Author : Roger Dale Trexler

I knew she was dead when I saw the blood. It floated by me and splattered silently on the console. Everyone else—Yanders, Diorino, and Rector—was dead, too. They were floating at the far side of the cabin, congregated strangely like a bunch of line dancers doing the Conga.

Zero gravity took over when main controls failed. It was a slow process, and they were dead before the gravity failed, so there was no pain for them….just me. I hit the ceiling with the force of a bullet, the Kyllian plasma charge had rocked the ship. I was knocked unconscious; I do not know for how long.

But I awoke to the touch of Kipling’s body hitting me as it passed by. I must have nudged her a little bit while waking, otherwise she wouldn’t have hit the console; she would have hit the other bodies like a linebacker trying to break a defensive line. A stream of blood flowed from her like a crimson vapor trail as she collided with the console, then sprayed blood everywhere.

The view screen was still on. I saw the Kyllian ship, massive and undamaged, looming over us.

Why? I thought.

The answer was too clear, however. Just weeks ago, a survey ship had been destroyed in this quadrant. A rescue ship was sent to investigate, but they found nothing but wreckage and a buoy telling them to stay away. We heeded that warning, but the Kyllians were laying claim to sectors of space quicker than a drunken sailor spends money at a bar.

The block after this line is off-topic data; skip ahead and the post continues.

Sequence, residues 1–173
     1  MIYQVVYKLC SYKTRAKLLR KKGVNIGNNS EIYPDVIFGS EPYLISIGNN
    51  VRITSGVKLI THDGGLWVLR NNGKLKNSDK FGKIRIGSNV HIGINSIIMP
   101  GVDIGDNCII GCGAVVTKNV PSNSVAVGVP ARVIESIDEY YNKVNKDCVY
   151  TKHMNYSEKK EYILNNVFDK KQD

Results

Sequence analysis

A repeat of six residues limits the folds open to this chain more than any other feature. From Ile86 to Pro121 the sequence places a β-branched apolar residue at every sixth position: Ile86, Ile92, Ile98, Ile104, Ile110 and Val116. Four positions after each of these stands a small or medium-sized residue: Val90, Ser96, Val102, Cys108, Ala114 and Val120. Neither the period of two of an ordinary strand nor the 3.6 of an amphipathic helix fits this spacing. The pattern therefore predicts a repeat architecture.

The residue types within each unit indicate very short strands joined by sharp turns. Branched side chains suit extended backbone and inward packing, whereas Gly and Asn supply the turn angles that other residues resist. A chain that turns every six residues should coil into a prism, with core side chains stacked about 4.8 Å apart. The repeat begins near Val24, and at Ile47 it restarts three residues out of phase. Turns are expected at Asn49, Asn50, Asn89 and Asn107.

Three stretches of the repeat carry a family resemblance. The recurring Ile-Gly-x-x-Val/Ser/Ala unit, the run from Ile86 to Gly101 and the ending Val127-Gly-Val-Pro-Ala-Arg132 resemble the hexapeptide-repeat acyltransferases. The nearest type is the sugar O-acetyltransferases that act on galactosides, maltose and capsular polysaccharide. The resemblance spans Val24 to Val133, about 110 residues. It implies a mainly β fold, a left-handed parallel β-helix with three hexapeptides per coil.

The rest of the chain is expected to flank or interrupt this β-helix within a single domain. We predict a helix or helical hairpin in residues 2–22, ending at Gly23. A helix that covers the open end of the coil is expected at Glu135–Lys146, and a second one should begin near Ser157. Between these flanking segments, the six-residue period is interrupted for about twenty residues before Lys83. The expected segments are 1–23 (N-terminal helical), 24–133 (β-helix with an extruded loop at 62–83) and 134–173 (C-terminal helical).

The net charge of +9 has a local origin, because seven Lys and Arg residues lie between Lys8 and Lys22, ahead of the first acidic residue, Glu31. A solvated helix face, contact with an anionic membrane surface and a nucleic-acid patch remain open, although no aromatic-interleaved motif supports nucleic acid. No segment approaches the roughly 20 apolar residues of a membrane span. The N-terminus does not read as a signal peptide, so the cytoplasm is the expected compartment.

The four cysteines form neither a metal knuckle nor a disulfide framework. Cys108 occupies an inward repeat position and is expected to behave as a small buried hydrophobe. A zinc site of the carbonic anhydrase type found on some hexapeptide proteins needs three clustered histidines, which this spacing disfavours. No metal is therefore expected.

Our scanners told us of the approaching ship, and we tried to elude them.

They found us before we could escape.

It wasn’t much of a battle. We were a survey ship, not a battlecruiser. The Kyllians opened fire and, now, everyone but me was dead.

I heard the airlock claxon going off.

We were being boarded.

I panicked. I was a stellar cartographer. I mapped stars. I hadn’t signed up for this. We were supposed to be out for a month from Starbase 3, mapping an uncharted region of space.

I could hear the sound of magnetic boots clanking, then pulling free, from the catwalks.

They were getting closer.

There were several of them.

I knew where the weapons were, but there was no chance I could kill them all. I wasn’t a fighter.

So, I did the only thing I could….and I waited.


Four Kyllian soldiers entered the control room. I chanced a glance before I closed my eyes. They were huge. Bigger than men. They ambled into the room awkwardly. I could tell that they were looking around, touching things, taking artifacts. Then, I felt motion. Something was pulling us toward it. I cracked my eyes opened just a hair—just enough to see—and I saw the Kyllian’s ugly face regarding us. It was looking at Diorino. It was cutting away a portion of her jumpsuit, revealing her breasts. Maybe it had never seen a human female? It started to turn its head toward me, and I closed my eyes again….but not too tight.

For a long, long moment, nothing happened. Then, it pushed away the clump of dead bodies I had become a part off and walked off.

The Kyllians stayed a few more minutes, then they moved off to another part of the ship.

I did not move or open my eyes for a long, long time.

When I did, it was to the sound of the airlock closing.
The Kyllians were leaving.

I waited a while longer, then detached myself from the bodies. I had intertwined my arms in theirs, effectively meshing us together.

The bodies floated away.

I pushed off and looked at the view screen. The Kyllian ship was receding in the distance.

I watched them leave.

I looked at the bodies.

I cried.

And, when I knew the Kyllians were out of range, I activated the distress signal…and waited.

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